14424_10152246260265061_1640988683_n 19183_10152446419940061_1250678331_n 163426_10150349164905061_5372801_n 163945_10150353803255061_3943654_n 165641_10150360252350061_605348_n 166802_10150349157945061_1851029_n 167193_10150353984935061_71760_n 167994_10150384049580061_6570285_n 180825_10150381393375061_144500_n 183596_10150420098265061_857793_n 183779_10150420098795061_1239840_n 184610_10150420098655061_3278258_n 188564_10150420097750061_2878802_n 190003_10150420098430061_2067376_n 190149_10150420097195061_2687654_n 190674_10150420097955061_7126854_n 198080_10150420097640061_1874821_n 206871_10150554548650061_5648786_n 207453_10150554548170061_4780864_n 207509_10150554546905061_4546448_n 207852_10150554546535061_5608502_n Bz_-yORIgAAjmIe.jpg-large208386_10150554547470061_1306549_n 208736_10150554549075061_7941186_n 217190_10150554550305061_504181_n 221685_10150554553040061_1368738_n 224107_10150556782015061_5628632_n 270469_10152246262485061_1426004274_n 297709_10150934691155061_854066307_n 300326_10150813543960061_1118927358_n 302952_10150788398925061_6133482_n 317107_10150806405185061_246745844_n 319694_10150936526495061_914679676_n 379108_10150946739020061_904706327_n 425183_10151357761655061_1721452379_n 480969_10152294105155061_651940504_n 486262_10152253664320061_1193122444_n 559483_10153499011690061_1282304564_n 599197_10152246346050061_1154725183_n 1380648_10153499018130061_1145553040_n 1393698_10153499009870061_713619982_n 1396042_10153499016815061_1034531588_n 1451537_10153593986110061_1423558473_n 1452306_10153499015980061_1931052051_n 1463035_10153499017400061_1671092000_n 1466124_10153499013260061_998495476_n 1796601_10153894149280061_2115375433_n 1797950_10154704655095061_8092707928085191939_n 10253856_10154186143520061_2334113748046928077_n 10310620_10154200487230061_6624420687971387841_n 10672243_10154697234310061_5870700106772308141_n 10702169_10154756605545061_6791914685027988625_n



GUEST POST: Kayode Adegbola (@KayodeA) – Do Commissioners Really Need to Resign Before Contesting Gubers?

With a view to resolving the issue of whether there is any legal requirement for Commissioners to resign their position before they can contest for the offices of Governor of a Nigerian State, I conducted a review of The Constitution of the Federal Republic of Nigeria, 1999 (Constitution”); The Electoral Act 2010, as amended (“Electoral Act”), as well as additional documents which include but are not limited to the constitutions of the major Nigerian Political Parties – People’s Democratic Party (“PDP”) and All Progressives Congress (“APC”).


The Constitution provides the following as requirements for a person to be qualified for election to the office of Governor of a State[1]:


  1. Citizenship of Nigeria by birth;
  2. Attainment of the age of thirty-five years;
  3. Membership of a political party and sponsorship by that political party; and
  4. Education up to at least School Certificate level or its equivalent.


In addition, the Constitution confers the following freedom on all persons:


Every person shall be entitled to assemble freely and associate with other persons, and in particular he may form or belong to any political party, trade union or any other association for the protection of his interests.[2]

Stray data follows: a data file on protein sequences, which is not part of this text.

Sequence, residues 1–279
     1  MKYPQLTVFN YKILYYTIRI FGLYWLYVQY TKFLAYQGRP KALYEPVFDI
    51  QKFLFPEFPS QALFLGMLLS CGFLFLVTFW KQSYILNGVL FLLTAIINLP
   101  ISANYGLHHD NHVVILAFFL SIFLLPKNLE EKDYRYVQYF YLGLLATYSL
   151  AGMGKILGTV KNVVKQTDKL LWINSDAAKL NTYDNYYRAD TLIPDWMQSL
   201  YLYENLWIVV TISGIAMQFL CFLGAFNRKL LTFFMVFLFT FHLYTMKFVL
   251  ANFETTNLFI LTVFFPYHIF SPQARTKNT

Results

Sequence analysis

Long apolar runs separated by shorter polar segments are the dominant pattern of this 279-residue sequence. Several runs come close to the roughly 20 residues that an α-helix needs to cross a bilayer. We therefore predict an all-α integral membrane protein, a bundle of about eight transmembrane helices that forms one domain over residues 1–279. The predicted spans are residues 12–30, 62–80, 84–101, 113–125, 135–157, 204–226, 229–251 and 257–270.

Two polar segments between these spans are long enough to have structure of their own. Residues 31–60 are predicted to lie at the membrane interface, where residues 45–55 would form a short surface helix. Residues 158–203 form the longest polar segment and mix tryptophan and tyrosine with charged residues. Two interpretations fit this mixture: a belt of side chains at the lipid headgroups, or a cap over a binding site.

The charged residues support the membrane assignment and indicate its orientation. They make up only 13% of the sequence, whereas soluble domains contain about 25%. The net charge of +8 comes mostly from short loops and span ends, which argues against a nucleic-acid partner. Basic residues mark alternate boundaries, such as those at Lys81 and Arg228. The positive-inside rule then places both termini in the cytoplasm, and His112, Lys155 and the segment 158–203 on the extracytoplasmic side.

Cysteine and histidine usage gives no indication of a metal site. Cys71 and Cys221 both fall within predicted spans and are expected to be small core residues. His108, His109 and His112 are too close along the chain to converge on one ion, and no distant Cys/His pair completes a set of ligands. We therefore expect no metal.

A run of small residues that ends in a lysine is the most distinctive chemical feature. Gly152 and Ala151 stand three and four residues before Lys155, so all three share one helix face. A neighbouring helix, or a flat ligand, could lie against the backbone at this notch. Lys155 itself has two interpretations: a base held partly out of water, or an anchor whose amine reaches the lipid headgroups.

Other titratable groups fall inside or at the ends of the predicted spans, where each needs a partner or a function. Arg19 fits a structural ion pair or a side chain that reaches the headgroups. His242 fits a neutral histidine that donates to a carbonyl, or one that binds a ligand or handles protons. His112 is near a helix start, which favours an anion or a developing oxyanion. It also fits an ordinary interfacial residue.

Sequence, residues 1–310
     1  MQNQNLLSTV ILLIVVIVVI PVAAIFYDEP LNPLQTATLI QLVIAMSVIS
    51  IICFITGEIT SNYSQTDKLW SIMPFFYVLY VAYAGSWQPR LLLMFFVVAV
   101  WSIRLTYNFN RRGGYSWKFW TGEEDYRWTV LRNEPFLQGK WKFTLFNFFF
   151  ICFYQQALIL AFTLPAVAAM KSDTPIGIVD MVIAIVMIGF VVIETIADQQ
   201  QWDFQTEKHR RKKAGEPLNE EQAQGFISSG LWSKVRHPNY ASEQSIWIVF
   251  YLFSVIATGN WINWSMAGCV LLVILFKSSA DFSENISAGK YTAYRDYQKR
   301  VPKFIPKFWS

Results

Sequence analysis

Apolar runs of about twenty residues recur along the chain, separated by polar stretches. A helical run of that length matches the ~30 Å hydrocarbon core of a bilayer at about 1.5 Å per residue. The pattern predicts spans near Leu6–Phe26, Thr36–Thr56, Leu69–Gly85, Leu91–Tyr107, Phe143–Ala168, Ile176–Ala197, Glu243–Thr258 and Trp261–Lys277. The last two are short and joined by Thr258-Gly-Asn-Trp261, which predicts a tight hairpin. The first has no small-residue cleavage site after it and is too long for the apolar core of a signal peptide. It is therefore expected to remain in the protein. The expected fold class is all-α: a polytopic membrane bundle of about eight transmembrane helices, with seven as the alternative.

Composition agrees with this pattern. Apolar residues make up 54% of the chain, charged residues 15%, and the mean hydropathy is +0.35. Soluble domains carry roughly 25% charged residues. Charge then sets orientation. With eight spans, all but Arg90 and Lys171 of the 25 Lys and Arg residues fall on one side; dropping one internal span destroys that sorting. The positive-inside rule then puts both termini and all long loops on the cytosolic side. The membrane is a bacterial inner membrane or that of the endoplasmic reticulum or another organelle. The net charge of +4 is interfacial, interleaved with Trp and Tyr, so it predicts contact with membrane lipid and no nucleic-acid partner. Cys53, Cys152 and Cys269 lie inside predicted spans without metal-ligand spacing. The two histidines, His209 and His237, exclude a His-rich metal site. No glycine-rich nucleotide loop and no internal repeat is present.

This freedom as stated above may be restricted by “any law that is reasonably justifiable in a democratic society a) in the interest of defence, public safety, public order, public morality or public health; or b) for the purpose of protecting the rights and freedoms of other persons[3]”.


However, and quite importantly, according to the Constitution, no person shall be qualified for election to the office of Governor of a State if “being a person employed in the public service of the Federation or of any State, he has not resigned, withdrawn or retired from the employment at least thirty days to the date of the election”[4]. In addition, the Interpretation, Citation and Commencement Section of the Constitution defines “public service of a State” as follows[5]:


“public service of a State’ means the service of the State in any capacity in respect of the Government of the State (emphasis mine) and includes service as:

(a) Clerk or other staff of the House of Assembly;

(b) member of staff of the High Court, the Sharia court of Appeal, the Customary Court of Appeal; or other courts established for a State by this Constitution or by a Law of a House of Assembly;

(c) member or staff of any commission or authority established for the State by this Constitution or by a Law of a House of Assembly;

(d) staff of any local government council;

(e) staff of any statutory corporation established by a Law of a House of Assembly;

(f) staff of any educational institution established or financed principally by a government of a State; and

(g) staff of any company or enterprise in which the government of a State or its agency holds controlling shares or interest;

It is not clear whether in drafting the Constitution, a Commissioner was envisaged to fall within the purview of being a member of “public service of a State”, however the sentence “the service of the State in any capacity in respect of the Government of the State” could be read to mean so.


The Electoral Act makes no stipulations with regard to the subject of this opinion, and neither do the constitutions of the PDP and the APC. The APC Constitution only requires a candidate for Governorship to satisfy the requirements for elections under the Constitution[6], however I am aware that it is conventional for political parties to release guidelines that may require candidates to resign any public office ahead of primary elections.